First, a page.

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Thread: Doomed nep 1 year later

  1. #1

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    A year ago I got this nep for a dollar. I had low expectations of having it survive and with my limited knowledge of neps, it looked like a good challenge. We all learn from failure just as we learn from success so I knew I would come out ahead whether it lived or died. After about 6 weeks the plant started going downhill fast, and not ready to accept defeat, I removed the growth tip and placed it in live sphagnum moss after dipping it in rooting hormone. A plastic cup was put over it and it was left to do whatever in a bright area of my enclosure. The original plant never recovered and was lost.



    This pic was taken last December. It was growing in a 1" container with a small amount of peat and finely chopped cedar bark with a layer of sphagnum on top. The largest pitcher was about 3/8" tall.




    Today it lives in a 4" pot and I believe it's safe to say that the plant is going to make it. The largest pitcher is about 2-1/4" tall. I'll never cease to be amazed at how carnivorous plants have such a strong will to survive.

    Alan

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    Hi allandallas:

    i would like to congratulate you. You deserve to have more Nepenthes now!!. You have shown that if you really care about it, you can overcome many obstacles!!!. I hope your plant grows to be a nice addition to your cp collection.

    Gus

  3. #3

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    Excellent photos and an exellent job of nursing your Nepenthes back to health. From your photos, it looks to be a form of N. sanguinea. I have found N. sanguinea an easy grower. At the moment, my N. sanguinea is my best pitchering Nepenthes.

    Something tells me you will be expanding your Nepenthes collection. [img]http://www.**********.com/iB_html/non-cgi/emoticons/rolleyes.gif[/img]

    You truely have a green thumb.



    Nick

    Careful where you crawl, it might be a trap!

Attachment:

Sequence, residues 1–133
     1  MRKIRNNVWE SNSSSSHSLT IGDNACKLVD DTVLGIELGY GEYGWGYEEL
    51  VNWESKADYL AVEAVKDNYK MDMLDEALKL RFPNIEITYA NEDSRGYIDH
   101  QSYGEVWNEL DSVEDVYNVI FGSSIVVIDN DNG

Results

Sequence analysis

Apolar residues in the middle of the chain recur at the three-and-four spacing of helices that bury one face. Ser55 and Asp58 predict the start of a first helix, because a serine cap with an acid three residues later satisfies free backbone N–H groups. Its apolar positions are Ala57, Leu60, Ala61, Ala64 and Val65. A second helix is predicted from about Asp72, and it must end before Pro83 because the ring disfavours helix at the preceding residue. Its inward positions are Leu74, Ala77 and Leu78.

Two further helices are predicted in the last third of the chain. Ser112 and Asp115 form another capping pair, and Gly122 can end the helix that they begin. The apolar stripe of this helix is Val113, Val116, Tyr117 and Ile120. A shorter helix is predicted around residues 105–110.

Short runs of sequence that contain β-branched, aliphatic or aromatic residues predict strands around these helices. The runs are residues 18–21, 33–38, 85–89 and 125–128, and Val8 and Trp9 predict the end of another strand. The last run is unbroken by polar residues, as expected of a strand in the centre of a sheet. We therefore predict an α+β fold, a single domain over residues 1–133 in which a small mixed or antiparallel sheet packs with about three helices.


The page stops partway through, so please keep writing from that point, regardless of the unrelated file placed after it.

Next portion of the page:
http://www.carnivorium.com
    http://www.buckeyecarnivores.com

  4. #4
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    Congrats! That's a job well done! Good idea, too, to chop off the growth point and root it...
    Kinda cool to have a photo record like that. I may have to do that now that I have a digi-cam.... [img]http://www.**********.com/iB_html/non-cgi/emoticons/rolleyes.gif[/img]
    17 Nash Rd.
    North Salem, NY 10560

    YOU! Outta my gene pool!

  5. #5

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    Thanks Gus, it seems that the plant did all of the work. All I do is to provide what I think is the best possible conditions with what I have to work with and the plants do the rest. My vfts and sundews would probably beg to differ with you about deserving more Nepenthes because they consider them to be invasives as they are quickly being squeezed into one end of the growth chamber by the N. rafflesianas and ventricosas that I bought from PFT a year ago last spring. [img]http://www.**********.com/iB_html/non-cgi/emoticons/smile.gif[/img]


    Nick, I also think that the plant is a N. sanguinea from photos I looked at on the web and from comparing it to the mature one that Houstonherp showed me last time I was in Houston. [img]http://www.**********.com/iB_html/non-cgi/emoticons/smile.gif[/img]

    And Schloaty, digi-cam is the only way to go nowdays. I have had mine for a little less than a year and I think it has already payed for itself in savings from having to buy film and photoprocessing. I like to take several pictures of a subject with different exposures and camera angles until I get the pic just like I want it and with film cameras, it gets expensive to do that and then toss all of the extras. [img]http://www.**********.com/iB_html/non-cgi/emoticons/smile.gif[/img]

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